It seems the Aussie government is finally warming to bitcoin.
Depending on your point of view, that could be a bullish sign. Or it might mean it’s time to get out and run for the hills.
The first bit of news was a quietly introduced bill that would end double-taxation on bitcoin and other currencies. Today, Aussies are hit with GST whenever they buy or sell bitcoin. You’re slugged on both sides of the transaction.
Australian cryptocurrency enthusiasts have long criticised this double tax. And it seems that the government has finally taken notice. If the bill passes both houses, GST will no longer affect you at the time of purchase. You’ll only be taxed when you sell.
Perhaps that’s a statement of faith in the future of bitcoin and other cryptos. If the government prefers to tax you when you sell rather than buy, it’s likely they expect the price to head higher. Meaning they’ll be taxing larger amounts, as bitcoin users sell. If the government expected bitcoin to collapse, surely they would extract their pound of flesh as early as possible!
But an end to double taxation wasn’t the only positive note for bitcoin this week.
The Department of Industry, Innovation and Science released a paper about their strategies to encourage the digital economy in Australia. Blockchain, the tech behind bitcoin and other cryptocurrencies, was a topic of discussion.
The paper refers to the blockchain as an ‘emerging technology’. Possibly true. But Sam Volkering, our resident cryptocurrency expert, might argue that the blockchain was an emerging technology half a decade ago. Or more. That was when he began writing about it. But let’s give the government some credit for finally catching on. In their own words, ‘The Treasury and CSIRO’s Data61 have undertaken a review to examine distributed ledger technology’s general potential and its implications for government and industry.’
Better late than never. But even now, cryptocurrencies are moving beyond their first generation. Bitcoin and the first wave of imitators have seen incredible gains. But new cryptos are appearing, and not all of them are simply imitating bitcoin as an alternative currency.
Some of the most exciting new cryptos are using blockchain technology for entirely different applications. Sam argues that it could be these which see the greatest gains. His latest special report looks at a newer crypto that could bring you gains 40 times greater than bitcoin. You can learn how here.
If you’d invested just US$500 in the top six cryptocurrencies (including Bitcoin) on January 1 2017, letting your gains pile up over the next five months…you’d have turned your $3,000 starting pot into US$50,966.
A total return of 1,598.86% in just FIVE MONTHS.
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This week in Money Morning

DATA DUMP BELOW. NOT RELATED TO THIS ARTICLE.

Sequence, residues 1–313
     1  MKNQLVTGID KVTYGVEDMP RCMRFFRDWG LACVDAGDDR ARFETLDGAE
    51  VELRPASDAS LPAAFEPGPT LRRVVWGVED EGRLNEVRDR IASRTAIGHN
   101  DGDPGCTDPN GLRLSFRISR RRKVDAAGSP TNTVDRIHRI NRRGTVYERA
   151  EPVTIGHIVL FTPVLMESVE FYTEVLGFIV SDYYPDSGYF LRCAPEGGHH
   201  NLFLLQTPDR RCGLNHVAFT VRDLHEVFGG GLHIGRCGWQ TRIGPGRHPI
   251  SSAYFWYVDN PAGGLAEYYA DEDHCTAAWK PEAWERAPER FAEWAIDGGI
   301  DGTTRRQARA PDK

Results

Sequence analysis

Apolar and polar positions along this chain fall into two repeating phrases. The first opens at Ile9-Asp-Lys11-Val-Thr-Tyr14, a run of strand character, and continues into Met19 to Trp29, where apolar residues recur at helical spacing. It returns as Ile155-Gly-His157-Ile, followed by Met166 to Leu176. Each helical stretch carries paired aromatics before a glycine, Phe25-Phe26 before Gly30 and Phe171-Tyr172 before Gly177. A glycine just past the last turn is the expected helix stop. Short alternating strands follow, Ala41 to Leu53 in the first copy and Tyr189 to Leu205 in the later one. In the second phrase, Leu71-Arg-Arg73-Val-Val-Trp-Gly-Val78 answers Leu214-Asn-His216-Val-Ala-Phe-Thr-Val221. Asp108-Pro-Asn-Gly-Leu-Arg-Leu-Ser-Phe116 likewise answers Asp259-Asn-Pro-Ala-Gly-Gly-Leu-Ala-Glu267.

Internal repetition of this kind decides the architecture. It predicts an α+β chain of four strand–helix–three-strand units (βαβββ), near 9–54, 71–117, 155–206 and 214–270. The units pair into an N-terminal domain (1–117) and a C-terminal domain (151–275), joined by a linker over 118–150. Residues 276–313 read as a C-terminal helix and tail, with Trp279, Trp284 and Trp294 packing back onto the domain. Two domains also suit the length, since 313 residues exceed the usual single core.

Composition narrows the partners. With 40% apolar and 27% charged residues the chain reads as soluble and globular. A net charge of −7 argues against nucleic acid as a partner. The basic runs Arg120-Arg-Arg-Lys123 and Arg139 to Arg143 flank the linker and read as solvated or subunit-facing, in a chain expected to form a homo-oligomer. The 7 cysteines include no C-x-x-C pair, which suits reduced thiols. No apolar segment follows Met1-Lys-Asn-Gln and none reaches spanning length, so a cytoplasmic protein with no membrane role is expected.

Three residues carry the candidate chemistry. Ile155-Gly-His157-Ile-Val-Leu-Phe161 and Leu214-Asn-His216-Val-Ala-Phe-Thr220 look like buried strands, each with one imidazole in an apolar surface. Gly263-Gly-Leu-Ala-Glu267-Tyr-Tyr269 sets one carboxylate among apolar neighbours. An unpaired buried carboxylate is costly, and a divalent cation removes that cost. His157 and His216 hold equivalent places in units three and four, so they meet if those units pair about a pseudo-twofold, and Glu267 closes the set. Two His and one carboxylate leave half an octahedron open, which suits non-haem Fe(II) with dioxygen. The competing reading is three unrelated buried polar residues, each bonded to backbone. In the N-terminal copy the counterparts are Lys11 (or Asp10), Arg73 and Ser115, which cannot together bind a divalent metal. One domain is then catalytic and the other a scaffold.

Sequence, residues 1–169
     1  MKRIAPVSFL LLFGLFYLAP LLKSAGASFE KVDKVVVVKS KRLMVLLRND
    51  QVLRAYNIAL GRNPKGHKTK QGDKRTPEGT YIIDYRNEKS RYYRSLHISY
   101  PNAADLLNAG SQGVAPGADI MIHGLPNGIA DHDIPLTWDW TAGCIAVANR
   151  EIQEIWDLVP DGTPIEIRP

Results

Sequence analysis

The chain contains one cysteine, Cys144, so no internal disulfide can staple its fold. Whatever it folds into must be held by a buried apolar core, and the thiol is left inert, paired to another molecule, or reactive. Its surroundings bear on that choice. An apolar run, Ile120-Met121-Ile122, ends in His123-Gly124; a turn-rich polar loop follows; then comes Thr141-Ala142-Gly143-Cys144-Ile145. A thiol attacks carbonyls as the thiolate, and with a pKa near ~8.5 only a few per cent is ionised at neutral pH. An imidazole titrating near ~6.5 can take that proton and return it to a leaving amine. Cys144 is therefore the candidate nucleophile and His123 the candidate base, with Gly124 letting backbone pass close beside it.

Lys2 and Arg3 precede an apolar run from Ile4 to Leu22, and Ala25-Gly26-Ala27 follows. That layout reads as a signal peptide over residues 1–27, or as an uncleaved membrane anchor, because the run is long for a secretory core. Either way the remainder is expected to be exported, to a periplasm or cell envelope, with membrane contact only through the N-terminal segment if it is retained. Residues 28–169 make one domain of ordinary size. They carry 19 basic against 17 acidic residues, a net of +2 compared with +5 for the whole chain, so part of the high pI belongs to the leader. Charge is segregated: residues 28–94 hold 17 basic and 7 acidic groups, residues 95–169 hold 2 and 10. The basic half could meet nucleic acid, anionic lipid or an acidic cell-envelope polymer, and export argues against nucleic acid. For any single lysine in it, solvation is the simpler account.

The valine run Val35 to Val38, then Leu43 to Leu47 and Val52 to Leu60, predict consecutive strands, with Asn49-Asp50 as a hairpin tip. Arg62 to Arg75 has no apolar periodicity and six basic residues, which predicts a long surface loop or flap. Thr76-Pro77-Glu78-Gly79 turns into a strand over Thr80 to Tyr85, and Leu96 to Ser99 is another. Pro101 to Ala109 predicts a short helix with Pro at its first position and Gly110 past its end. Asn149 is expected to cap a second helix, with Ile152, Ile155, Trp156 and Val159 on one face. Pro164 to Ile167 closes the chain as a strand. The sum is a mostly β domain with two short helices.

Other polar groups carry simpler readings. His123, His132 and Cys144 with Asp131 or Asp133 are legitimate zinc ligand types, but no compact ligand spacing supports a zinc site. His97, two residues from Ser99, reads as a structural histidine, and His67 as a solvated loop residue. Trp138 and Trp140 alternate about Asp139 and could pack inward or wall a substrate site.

Ryan opened the week with a look at how oil prices can drive interest rates.
With most financial commenters convinced that rates will stay down for at least the next two years, an unexpected shift could catch many Aussies off guard. And it may not be as unlikely as many think. For Ryan’s explanation of how changing oil prices could have a knock-on effect on interest rates, and how you could hedge against it, click here.
Are you reading this article on a smartphone? A decade ago that would have been unlikely. Two decades ago, you wouldn’t have understood the term. Smartphones have revolutionised how we consume information and media, as well as how we communicate. Large parts of that revolution are thanks to Apple and its iPhones. And along the way, the iPhone has helped make Apple one of the most influential companies in consumer tech.
So what does the release of the latest model iPhone this week mean for you? On Tuesday, Ryan argued that the best opportunities may not be in Apple itself, but in the companies that will benefit from Apple’s decisions. To read how, check out Tuesday’s article here.
The price of gold has been headed up lately, and seems to have broken out of its seven year downtrend. Many are putting this down to a ‘flight to safety’, as the US dollar is shook by recent events. But on Wednesday Ryan argued that it’s not just flaring tensions with North Korea, or chaotic politics in Washington. He explained that the rise in gold is part of a larger trend. One that could see it reach record highs in 2018. Read why here.
On Thursday Ryan looked at a giant of US industry, whose performance is often used as a barometer for how the whole economy is going.
The company’s profits have been hit by a cyber-attack and by the hurricanes in the US Gulf States this year. But Ryan took a deeper look at its performance figures. And he believes that, once you look past these once-off events, you find what could be a strong buy signal for the US market. Read the details here.
Back home in Australia, the Commonwealth Bank fired off a barrage of announcements this week. After being plagued with scandals and bad press this year, the announced changes could be seen as an attempt to ‘clean house’.
If you missed the Commonwealth Bank’s very public embarrassment this year, you can catch up here.
On Friday’s Ryan discussed whether this will be enough to turn things around for the Commonwealth Bank. With advancements in financial tech threatening the major banks’ profits, none of them can afford to alienate the public. Especially now that that one competitor is forming an alliance with the ‘enemy’. You can find the details in Friday’s article, here. And if you’d like to read more about the new financial technologies that could soon threaten the banks, check out our tech editor’s Secret Crypto Network, here.
Editor, Money Weekend